The success of a journey, in part, depends on the robustness of the outer skin of the luggage being carried. This is even more vital when trekking up the some of the world's highest mountains, where all lifesaving gear must be hauled up and down. Success is a broad term and can measured in infinite ways. For each one the yardstick may be different depending on individual circumstances. Broadly speaking, success refers to reaching a desired goal or target. At any given point in time, there is a thin line dividing our perception of success and failure. Time plays a huge role in this perception. Success in terms of getting the right thing, at the right moment and in the right circumstance is wholly dependent on time.
The three, “thing”, “moment” and the “circumstance” refer to the past, present and the future respectively. When we desire something, it is usually based on a past memory that we want to recreate in the present moment. Circumstance is in the future. At any “successful moment”, time bridges the past and the future, extending imaginary tentacles in those directions. When all three of these variables (past, present and future) meet and we get what we want, we call it success. Whenever there is success, credit ought to be given, but it is always taken. When we say “I succeeded”, we unknowingly draw a line. On one side it is “I” who succeeded and on the other is the supporting cast, equipment and everything else. The “I” is generic and hard to define. On further questioning we could ask, is it the body? Or the mind? Or something else?
Here we are wading into murky waters. Few are magnanimous and humble enough to concede that “this body or mind of mine really deserves the credit”. Instead it is the “I” that swoops in and lays claim and the territorial waters of the “I” extends to even the moisture on the lips and eyes. The thin line that defines the de facto boundary of “I” usually is the outermost microscopic layer of skin that envelops rest of the body. “I” isn’t inward looking, it is always outward looking. Hence to complete the notion of being successful, we feel the need for something tangible that can be exhibited to the world such as a nicer car, house or clothing than those owned by our peers.
Along with this outward show, there is also a concurrent and competing inner battle, going on in the mind. The length of time that a new car, house or clothing provides novelty and thrill depends on the mind’s ability to maintain focus on them. Just like everything else that blurs out of focus from the mind, it is virtually impossible constantly keep our attention and focus on such new acquisitions. When attention wanes, so does our interest and thrill derived from those objects. The mind makes it known, albeit in a subtle fashion, that without its attention on an object, novelty quickly wears off.
Just as a mountaintop is blasted with wind from all directions, the mind is assailed by thoughts from all angles. The dominant amongst these competing forces of thought determines where the mind goes. Thoughts, however, are not always self serving. There are many amongst the thousands we have the liberty to pick and choose from that are noble and helpful to us and others. It is both surprising and mysterious why we fail to choose thoughts that are not in the best interests of us and others. The notion of interconnectedness is lost when the “I” assumes a warped sense of independence, failing to listen to the inner voice of reason, our conscience or an outer stream of wisdom coming from wise counsel.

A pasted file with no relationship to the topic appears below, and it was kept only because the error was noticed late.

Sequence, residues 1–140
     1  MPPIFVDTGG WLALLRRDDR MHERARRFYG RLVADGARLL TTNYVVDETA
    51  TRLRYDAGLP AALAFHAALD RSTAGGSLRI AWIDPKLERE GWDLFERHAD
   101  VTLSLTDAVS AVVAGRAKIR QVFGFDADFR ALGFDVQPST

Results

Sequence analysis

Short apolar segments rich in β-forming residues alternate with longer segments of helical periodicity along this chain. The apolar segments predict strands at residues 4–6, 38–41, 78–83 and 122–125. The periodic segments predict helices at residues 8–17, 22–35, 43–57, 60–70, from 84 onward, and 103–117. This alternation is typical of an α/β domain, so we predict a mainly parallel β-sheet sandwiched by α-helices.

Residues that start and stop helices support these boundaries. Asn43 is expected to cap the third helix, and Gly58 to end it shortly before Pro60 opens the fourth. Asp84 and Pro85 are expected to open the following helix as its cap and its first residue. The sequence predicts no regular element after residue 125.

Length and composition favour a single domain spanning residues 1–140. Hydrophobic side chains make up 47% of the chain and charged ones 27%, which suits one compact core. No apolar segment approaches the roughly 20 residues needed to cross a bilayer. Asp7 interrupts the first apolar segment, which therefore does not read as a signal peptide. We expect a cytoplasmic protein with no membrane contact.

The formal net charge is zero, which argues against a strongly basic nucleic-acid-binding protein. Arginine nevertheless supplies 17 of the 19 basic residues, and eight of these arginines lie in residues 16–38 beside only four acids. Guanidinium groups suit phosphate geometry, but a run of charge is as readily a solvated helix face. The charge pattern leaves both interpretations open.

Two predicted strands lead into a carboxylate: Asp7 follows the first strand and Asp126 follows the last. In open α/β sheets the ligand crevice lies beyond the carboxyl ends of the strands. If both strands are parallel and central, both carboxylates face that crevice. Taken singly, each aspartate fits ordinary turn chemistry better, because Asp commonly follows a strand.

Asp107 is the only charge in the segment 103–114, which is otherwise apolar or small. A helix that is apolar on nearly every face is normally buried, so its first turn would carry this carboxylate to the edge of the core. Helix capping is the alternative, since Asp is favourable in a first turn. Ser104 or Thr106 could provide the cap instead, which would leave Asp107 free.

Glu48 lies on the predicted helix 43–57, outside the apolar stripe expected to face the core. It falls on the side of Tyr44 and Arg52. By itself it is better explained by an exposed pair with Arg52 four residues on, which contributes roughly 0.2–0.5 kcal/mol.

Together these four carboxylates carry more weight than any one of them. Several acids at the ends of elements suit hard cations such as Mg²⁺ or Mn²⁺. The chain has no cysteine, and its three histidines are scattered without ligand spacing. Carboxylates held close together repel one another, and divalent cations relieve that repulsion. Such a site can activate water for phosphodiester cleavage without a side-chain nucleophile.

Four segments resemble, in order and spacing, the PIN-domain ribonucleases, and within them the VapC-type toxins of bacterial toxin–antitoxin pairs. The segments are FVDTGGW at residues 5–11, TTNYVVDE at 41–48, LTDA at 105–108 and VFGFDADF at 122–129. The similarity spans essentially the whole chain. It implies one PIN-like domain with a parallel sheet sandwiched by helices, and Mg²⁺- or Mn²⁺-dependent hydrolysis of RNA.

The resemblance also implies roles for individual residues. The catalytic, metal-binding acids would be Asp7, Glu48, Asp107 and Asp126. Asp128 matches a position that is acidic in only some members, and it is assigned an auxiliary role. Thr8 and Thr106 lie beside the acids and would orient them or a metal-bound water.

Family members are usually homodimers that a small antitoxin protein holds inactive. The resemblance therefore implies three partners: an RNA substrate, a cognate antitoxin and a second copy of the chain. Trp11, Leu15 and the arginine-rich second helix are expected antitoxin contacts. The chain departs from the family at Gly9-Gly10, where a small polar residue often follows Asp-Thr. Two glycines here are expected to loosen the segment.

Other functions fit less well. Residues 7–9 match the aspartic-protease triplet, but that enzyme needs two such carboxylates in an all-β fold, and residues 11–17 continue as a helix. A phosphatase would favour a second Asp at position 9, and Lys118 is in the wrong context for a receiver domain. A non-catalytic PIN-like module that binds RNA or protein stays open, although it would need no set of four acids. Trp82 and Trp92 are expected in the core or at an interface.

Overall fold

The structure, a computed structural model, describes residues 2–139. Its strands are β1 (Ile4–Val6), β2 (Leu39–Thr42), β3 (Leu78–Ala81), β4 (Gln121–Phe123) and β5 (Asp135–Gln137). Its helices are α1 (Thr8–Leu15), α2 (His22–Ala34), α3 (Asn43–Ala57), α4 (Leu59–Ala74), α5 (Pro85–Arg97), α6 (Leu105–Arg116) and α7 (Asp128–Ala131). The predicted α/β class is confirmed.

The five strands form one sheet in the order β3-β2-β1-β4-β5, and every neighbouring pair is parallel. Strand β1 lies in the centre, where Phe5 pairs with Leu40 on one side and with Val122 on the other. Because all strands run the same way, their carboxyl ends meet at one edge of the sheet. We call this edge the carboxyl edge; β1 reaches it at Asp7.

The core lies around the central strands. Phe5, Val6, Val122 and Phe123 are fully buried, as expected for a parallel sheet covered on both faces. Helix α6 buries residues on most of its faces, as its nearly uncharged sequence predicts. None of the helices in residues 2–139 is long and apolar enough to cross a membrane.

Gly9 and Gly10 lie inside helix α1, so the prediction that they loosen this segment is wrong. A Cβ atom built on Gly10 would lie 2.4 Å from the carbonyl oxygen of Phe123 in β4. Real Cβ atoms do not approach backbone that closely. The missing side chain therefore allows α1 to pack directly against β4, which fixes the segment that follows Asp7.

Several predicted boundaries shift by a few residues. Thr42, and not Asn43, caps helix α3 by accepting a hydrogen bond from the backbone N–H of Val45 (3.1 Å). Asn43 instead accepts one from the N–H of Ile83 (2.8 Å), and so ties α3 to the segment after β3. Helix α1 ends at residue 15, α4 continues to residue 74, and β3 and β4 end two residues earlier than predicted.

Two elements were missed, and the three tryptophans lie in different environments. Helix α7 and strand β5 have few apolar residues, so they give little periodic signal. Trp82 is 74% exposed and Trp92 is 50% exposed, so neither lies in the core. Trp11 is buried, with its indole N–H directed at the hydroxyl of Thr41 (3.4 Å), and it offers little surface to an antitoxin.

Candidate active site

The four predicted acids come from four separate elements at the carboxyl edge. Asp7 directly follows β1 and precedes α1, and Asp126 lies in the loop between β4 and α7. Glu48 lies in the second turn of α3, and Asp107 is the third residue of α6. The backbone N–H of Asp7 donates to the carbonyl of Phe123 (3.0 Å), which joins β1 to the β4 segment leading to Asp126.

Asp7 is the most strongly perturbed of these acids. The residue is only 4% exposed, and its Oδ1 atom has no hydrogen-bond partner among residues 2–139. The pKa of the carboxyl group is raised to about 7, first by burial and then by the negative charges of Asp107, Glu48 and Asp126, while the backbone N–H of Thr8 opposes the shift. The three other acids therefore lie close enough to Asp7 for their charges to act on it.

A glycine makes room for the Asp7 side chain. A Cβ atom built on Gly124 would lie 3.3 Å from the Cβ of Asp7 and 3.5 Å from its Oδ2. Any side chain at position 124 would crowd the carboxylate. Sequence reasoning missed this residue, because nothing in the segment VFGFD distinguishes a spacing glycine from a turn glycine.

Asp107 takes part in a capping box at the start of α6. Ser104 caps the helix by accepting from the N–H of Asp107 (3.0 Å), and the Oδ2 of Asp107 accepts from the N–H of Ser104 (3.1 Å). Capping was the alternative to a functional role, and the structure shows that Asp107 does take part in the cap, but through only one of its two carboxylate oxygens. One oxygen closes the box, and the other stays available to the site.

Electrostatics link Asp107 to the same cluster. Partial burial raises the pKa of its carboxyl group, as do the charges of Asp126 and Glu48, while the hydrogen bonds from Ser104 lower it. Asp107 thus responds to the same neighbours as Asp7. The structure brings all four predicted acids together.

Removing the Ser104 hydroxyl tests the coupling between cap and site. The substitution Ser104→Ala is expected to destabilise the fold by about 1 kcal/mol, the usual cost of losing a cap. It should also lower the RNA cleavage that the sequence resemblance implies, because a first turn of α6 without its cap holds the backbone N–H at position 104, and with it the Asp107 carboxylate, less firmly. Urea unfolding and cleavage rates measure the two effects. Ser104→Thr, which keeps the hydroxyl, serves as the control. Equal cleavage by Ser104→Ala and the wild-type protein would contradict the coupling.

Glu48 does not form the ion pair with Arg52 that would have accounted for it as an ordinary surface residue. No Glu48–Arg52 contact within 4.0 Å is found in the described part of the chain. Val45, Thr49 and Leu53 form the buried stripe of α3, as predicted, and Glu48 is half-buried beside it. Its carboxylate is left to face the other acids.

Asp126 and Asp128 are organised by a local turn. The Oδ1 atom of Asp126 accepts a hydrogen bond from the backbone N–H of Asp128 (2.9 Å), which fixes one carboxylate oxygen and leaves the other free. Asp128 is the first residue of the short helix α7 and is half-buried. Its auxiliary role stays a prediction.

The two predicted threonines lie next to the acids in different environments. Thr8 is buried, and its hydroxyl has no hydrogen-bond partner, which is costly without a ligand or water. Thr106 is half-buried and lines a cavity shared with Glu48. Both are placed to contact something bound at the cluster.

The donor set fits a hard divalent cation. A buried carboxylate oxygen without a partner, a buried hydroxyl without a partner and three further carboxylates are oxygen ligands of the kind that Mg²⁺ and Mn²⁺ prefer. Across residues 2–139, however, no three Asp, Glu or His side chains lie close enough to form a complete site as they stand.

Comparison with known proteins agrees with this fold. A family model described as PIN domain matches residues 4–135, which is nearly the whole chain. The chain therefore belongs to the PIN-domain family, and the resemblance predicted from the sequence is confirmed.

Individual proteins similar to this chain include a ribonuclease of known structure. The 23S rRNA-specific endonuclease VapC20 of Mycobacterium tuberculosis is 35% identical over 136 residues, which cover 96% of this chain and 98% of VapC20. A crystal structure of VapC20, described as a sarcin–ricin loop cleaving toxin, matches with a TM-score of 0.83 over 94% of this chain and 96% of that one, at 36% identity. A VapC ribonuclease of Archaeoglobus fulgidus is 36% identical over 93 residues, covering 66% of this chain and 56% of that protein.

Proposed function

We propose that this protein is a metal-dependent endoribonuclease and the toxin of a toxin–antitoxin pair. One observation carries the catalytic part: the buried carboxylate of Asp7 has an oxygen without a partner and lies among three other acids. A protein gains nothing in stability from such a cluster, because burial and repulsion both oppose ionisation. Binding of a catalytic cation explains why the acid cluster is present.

Although the “I” succeeds in usurping our sense of self, time ensures it fails in the long run. The inner and outer appetite of the “I”, after a certain point, cannot be satiated by thoughts or objects that we call our own. This is when we cross the thin line that we consider our being and we begin to encroach on the freedom of others. There are over 7 billion people on earth, and if each one wants to stake a claim to something more than their own body, there will not be enough resources to go around. We are plundering resources that ought to be set aside for tomorrow’s humans. The line that divides one generation to another is a hard line. We cannot cross the barrier of time, which ensures a new stock of life every so often regardless of how helpful or harmful we have been to the planet.
We are all walking along the same thin line to the summit of life, the point at which we run out of road. It can happen at the peak of success in the prime of life or when the life force hits a nadir at the end of life. From these points, highs and lows depending on how we look at them, all we can do is look back and see others along the same road. Just as we cannot indefinitely occupy the peak of some of the world’s tallest mountains, we cannot stay on the peak of success or hold onto life forever. We will eventually have to cede our place to others. Getting off the perch of worldly success can sometimes be harder to do than the involuntary surrender of our luggage (our accumulated thoughts, memories and experiences) and the carrying case (our body) at the end of life. In every moment, there is a thin line dividing the spotlight of prominence and the shadow of irrelevance. Off all lines, the ones between life and death are the most imperceptible, yet ever present in every breath we take. Time may or may not reveal that the body and the mind are just widgets that we wear on the journey of life. Who we really may be revealed when we cross the line of the body and the mind and enjoy being witness to the world, not as them but through them.